The strike also raised the tension between people who understood their struggle as a fight against the government and the others who thought about it like an opportunity to convince “the public opinion" with pacific ways. Strangely, those who wanted to convince the public opinion always were the quickest to strike violently people who were smashing or tagging buildings and windows.

The space of the strike was full of tensions. Whether it was between moderates and radicals, between university students and college students, or between the metropolitan region and more distant regions, people were not always affected by the same issues and did not see the modalities of the alliance in the same way.

10. What tactics did the State, the media and the police use to try and defeat the students? Were any of their tactics particularly successful?

First of all, there was a constant struggle between the students' protest movement and the State, the bourgeois media, and the police, about the question of legitimacy. At the very beginning, the State tried to minimize our strike by using the word boycott and with the complicity of bourgeois media it tried to isolate completely the movement. They created a separation between bad-students-who-don’t-even-pay-taxes and good-citizens-who-pay-taxes-and-don’t-block-streets. The bourgeois media were firm opponents by the way they always minimized our actions and our rallies. On the other hand, pretexting to present both sides, every time they could interview a student against the strike they always put him under the spot and present him as a victim.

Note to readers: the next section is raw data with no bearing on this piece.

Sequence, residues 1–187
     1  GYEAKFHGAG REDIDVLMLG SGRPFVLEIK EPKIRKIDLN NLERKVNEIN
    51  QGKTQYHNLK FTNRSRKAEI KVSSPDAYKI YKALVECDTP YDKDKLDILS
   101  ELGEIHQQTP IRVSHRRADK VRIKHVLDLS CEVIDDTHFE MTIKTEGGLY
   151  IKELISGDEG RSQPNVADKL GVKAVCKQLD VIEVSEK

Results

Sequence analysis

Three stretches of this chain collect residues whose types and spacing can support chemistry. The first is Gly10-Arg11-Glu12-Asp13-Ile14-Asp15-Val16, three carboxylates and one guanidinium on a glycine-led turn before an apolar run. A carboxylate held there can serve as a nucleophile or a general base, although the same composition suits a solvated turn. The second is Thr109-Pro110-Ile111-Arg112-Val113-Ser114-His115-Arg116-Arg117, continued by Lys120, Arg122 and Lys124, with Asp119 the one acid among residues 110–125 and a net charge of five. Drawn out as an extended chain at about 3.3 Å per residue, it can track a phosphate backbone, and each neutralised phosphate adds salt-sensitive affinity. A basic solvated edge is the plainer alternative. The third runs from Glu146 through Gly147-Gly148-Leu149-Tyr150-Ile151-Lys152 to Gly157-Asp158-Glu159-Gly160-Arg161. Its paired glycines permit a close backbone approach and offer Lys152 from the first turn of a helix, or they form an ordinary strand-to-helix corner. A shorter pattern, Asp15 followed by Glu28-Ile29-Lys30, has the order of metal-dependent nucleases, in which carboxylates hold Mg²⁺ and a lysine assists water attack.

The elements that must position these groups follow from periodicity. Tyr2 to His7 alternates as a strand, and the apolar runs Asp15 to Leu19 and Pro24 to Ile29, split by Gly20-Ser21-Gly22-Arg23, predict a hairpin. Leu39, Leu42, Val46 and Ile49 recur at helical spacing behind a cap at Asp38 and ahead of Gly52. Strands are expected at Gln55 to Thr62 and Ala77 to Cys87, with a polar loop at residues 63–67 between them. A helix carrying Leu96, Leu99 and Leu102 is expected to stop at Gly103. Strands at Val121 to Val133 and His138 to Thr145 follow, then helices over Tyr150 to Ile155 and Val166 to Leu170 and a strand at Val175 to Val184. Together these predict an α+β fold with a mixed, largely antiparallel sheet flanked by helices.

At some point bourgeois media became police informers. It was impossible to be part of the strike actions without our image was being taken by their cameras. Some students had the bad surprise to see their names in newspapers beside an action of civil disobedience where they weren’t even there. Of course, medias never apologize themselves for this kind of mistakes and were always complaining about us making their job of “inform the public” harder.

The physical brutality of the State against the students' movement and the judicial repression are certainly the tactics which had the most impacts on the students. While students were hit, lost eyes, got broken bones, were searched without mandate and imprisoned without being under arrest, the government, the bourgeois media, and the police, presented this violence as being the same thing as broken windows and graffiti. The sad thing is that a big part of the public opinion has never made the difference.